Since Congress passed the bipartisan infrastructure law last year, areas around the country have started strategizing how to become one of the four or more regional hubs that can get part of the Department of Energy’s promised $8 billion for developing clean hydrogen. New York, Massachusetts, Connecticut and New Jersey want to form a ginormous, sprawling northeast hub.

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“We’re proud to share a commitment to climate leadership, fuel cell innovation and clean energy jobs with our neighboring states, which will position us competitively to bring federal investment in clean hydrogen to our region,” said Connecticut Governor Ned Lamont in a March press release announcing the four states’ bid for a northeast energy hub.

Related: Zero-emission hydrogen-powered ferry coming to San Francisco

However, nobody knows yet what a hydrogen hub will look like, or even what exactly hydrogen will be used for. And some people aren’t sure the hub sounds like a safe addition to their neighborhood.

Hydrogen has many possibilities as a clean fuel, since it produces only water after being consumed in a fuel cell. But first, it has to be manufactured. Various resources produce hydrogen, including nuclear power, natural gas, solar, wind and biomass.

Unfortunately, it’s usually produced by coal or natural gas, resulting in greenhouse gas emissions. A better way to produce hydrogen is through electrolysis, which splits water molecules into oxygen and hydrogen via electricity. Obviously this electricity needs to come from solar, wind or another green energy source to make this plan viable. And right now, it’s more expensive to produce clean hydrogen than to use fossil fuels.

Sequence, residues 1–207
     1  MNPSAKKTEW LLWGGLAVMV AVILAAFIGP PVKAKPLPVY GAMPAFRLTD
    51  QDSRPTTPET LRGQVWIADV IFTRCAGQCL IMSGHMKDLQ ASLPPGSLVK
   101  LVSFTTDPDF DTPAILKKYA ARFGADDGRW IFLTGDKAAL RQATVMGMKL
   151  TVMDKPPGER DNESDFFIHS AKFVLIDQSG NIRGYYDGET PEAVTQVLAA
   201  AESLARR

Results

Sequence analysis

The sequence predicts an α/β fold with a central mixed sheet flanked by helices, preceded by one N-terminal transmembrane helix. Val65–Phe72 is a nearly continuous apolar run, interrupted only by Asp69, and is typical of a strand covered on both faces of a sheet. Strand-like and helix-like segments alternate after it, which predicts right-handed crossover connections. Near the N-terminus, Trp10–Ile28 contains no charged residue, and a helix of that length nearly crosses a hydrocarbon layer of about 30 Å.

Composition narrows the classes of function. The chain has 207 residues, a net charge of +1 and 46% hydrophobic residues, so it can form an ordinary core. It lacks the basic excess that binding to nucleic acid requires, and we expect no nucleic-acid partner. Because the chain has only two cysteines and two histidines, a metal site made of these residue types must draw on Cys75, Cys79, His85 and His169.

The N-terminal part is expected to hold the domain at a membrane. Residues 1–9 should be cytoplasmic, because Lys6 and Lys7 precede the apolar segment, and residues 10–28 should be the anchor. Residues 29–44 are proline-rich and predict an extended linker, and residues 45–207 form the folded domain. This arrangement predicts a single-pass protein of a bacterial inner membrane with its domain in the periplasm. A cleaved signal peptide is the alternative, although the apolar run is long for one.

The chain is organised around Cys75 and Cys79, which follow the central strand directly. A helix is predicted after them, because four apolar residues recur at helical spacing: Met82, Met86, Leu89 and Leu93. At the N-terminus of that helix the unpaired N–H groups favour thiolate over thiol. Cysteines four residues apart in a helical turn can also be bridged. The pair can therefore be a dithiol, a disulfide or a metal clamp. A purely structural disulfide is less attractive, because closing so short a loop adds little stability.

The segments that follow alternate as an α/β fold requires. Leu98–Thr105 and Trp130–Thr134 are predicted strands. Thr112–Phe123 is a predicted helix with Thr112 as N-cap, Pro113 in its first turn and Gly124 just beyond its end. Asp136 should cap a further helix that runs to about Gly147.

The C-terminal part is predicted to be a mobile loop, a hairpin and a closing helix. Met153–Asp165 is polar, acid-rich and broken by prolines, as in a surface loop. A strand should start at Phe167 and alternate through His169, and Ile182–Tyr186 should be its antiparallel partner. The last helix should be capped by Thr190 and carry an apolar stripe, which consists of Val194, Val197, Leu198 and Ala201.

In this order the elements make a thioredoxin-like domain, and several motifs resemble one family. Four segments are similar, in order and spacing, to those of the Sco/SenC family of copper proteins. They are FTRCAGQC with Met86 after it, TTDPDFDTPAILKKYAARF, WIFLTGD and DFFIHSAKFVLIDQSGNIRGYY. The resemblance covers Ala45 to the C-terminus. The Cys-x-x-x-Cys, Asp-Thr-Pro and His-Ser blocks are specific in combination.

A recent article in Grist by Emily Pontecorvo explores what a northeast energy hub might be like, and discusses some of the likelier uses for hydrogen. For example, places where hydrogen could outcompete batteries include fueling big things like 18-wheelers and ships. It seems unlikely that a battery efficient enough to power a trans-Atlantic ship is going to be developed in my lifetime. Or a train.

As Pontecorvo points out, people who live in neighboring communities could have big health wins if they no longer have to breathe the emissions that come from machinery used for loading and unloading cargo ships. If successful, hydrogen could strike a blow against environmental racism. Then again, people could worry about a hydrogen pipeline. Would it really be safe?

It’s early days for hydrogen, and nobody has yet gotten a piece of the $8 billion DOE pie.

“It does remain really abstract, at this point,” said Rachel Fakhry of the Natural Resources Defense Council, as quoted in Grist. “We are seeing some hubs and clusters pop up globally, but it’s still really a nebulous concept.”

Via Grist